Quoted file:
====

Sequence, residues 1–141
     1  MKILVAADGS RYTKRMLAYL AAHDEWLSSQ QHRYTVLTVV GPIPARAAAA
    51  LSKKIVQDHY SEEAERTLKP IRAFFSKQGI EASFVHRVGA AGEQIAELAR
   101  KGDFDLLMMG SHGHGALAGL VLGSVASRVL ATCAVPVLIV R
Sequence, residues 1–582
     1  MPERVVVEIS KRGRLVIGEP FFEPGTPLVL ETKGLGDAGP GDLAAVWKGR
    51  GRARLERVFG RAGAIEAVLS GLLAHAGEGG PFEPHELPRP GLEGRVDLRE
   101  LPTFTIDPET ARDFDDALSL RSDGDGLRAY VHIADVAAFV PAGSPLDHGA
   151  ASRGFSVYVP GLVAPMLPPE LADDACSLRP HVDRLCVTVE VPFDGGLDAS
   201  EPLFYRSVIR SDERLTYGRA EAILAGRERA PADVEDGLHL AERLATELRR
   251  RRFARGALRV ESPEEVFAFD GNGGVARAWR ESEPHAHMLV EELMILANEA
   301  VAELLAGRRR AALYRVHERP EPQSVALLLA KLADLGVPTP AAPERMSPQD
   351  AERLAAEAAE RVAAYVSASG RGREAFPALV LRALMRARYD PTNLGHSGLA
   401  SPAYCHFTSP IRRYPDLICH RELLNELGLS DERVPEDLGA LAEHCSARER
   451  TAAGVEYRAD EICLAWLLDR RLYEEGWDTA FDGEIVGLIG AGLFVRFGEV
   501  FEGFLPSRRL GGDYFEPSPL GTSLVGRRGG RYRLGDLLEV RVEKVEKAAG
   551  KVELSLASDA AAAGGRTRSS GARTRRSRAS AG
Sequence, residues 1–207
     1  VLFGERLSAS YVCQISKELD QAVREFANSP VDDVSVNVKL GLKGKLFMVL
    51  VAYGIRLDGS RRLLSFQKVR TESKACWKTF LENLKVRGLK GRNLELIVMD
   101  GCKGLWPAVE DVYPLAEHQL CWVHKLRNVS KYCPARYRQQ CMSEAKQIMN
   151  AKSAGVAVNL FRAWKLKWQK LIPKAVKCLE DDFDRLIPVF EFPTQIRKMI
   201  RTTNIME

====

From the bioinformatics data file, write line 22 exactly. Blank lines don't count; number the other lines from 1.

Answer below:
   151  AKSAGVAVNL FRAWKLKWQK LIPKAVKCLE DDFDRLIPVF EFPTQIRKMI